Lenny Henry: How I turned to comedy to beat racist bullies | Memoirs reveal the bigotry he faced © UKTV

Lenny Henry: How I turned to comedy to beat racist bullies

Memoirs reveal the bigotry he faced

Sir Lenny Henry has revealed how he first turned to comedy to beat the racist bullies who targeted him at school.

The comic said he realised humour was a ‘weapon’ he could use to fight back against one particular pupil who tormented him as a teenager.

Sir Lenny’s account of growing up in Dudley in the 1970s – when ‘the National Front was out there starting trouble if you had the nerve to walk down the street with black skin’ – comes in his autobiography Who Am I, Again?

In the first, extensive, extracts published in The Mail on Sunday’s Event magazine today – he reveals the events that led him to take part in the ITV talent show New Faces in 1975, which started his showbusiness career.

He recalls the abuse he received  from one boy in particular,  he called ‘Danny Waverly’.

‘He’d say hateful things like, "Hey, darky. Oi,  nig-nog." Every day, the same greeting… for the sole reason that I was black,’ Sir Lenny recalls. Each encounter would end in a fight, despite the young Lenny always coming out worse.

But one day he hit back with his wit, revealing: ‘I said something like, "Not this again Waverly. Ya must really fancy me, ‘cos you’re always tryin’ to get me to roll around on the ground with ya…. Why don’t we go and have dinner and a movie first? You could buy me a ring – mek it official?"’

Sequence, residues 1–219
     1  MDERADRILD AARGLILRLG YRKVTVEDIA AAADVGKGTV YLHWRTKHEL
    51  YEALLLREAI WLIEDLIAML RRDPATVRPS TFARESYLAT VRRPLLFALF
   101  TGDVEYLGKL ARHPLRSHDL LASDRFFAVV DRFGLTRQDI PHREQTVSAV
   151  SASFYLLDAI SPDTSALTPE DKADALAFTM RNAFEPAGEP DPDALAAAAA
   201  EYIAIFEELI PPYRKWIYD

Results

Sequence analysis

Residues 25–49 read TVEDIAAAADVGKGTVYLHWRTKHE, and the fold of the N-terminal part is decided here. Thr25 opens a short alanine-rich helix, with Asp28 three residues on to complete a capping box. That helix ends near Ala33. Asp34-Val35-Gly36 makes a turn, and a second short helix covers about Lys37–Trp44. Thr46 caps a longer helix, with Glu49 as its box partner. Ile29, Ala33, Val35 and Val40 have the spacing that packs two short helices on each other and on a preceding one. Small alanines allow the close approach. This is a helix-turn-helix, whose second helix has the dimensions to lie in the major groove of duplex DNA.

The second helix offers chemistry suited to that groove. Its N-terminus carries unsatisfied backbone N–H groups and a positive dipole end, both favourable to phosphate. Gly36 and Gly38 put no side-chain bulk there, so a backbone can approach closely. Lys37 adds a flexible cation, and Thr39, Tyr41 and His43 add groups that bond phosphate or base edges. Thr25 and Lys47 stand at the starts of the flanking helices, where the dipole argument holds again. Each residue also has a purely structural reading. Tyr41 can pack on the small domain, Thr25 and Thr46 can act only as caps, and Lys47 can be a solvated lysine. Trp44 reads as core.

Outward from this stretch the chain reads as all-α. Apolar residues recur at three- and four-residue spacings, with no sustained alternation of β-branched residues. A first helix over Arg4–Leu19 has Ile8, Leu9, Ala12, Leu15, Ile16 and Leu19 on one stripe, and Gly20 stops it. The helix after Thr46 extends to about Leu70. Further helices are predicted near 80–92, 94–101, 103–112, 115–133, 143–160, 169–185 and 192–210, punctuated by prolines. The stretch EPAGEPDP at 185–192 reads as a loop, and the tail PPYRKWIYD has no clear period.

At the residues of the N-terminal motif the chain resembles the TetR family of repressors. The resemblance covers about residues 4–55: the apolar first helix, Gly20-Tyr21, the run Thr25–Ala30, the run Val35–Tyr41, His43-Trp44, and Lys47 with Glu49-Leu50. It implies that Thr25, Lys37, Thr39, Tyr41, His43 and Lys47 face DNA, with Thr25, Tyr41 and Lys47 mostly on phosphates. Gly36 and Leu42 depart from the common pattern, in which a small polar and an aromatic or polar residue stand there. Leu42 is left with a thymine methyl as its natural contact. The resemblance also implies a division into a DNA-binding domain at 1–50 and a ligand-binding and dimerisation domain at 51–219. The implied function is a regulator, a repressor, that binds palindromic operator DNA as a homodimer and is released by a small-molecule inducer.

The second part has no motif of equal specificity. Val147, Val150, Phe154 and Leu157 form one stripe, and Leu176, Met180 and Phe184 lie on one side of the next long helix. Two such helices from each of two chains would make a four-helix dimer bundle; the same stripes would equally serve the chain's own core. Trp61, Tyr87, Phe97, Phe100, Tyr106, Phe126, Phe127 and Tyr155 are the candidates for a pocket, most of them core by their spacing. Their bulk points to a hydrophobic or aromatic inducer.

A fight still started, but the crowd that gathered started to laugh. ’Waverly still gave me one or two pops to the head, but the laughter made me feel immune,’ Sir Lenny recalls. Eventually, someone in the crowd said, "Jesus, leave him alone man."  The rest of the crowd joined in, and soon he simply stopped and walked away. 

‘I had a handle on what to do now. I had a weapon – humour. Result.’

Absorbing himself in TV – especially cartoons and the shows of impressionist Mike Yarwood – he worked up enough of an act to perform in a local club –  and after just a couple of performances, he auditioned for New Faces, getting on to the ITV show when he was just 16.

He opened with an impression of Frank Spencer and after the first rehearsal, producer John Pullen suggested: ‘Instead of facing the cameras and the audience, why don’t you start with your back to them? That way you’ll have a "reveal" when you turn around.’ 

Lenny says that, although he had no idea what a ‘reveal’ was, he did as he was told. He adds that, when his act began, ‘the audience laughed a bit. I hadn’t done any gags yet… just babbling. Then I turned round. Talk about impact; corsets burst open, wigs flew off, eyeballs popped out. 

‘In an instant, my life had changed for ever… I wasn’t just another impressionist. I was a young Afro-Caribbean, British-born lad from Dudley. I was black. And they hadn’t known.’

His success led to a stint on the Black and White Minstrel Show, and Sir Lenny recalls his discomfort at being the only real black person in the room – yet being too inexperienced to know how to deal with it.

And he believes he was only employed so that producers of the show – which entirely comprised white entertainers blacking up – could demonstrate they weren’t racist.

‘The dislocation I felt as I walked out, looked at the audience and saw no one resembling me was palpable,’ he said.

 Read the full extracts from the memoirs here. The book, Who Am I, Again?, can be ordered here ahead of its publication on October 3.

Published: 22 Sep 2019

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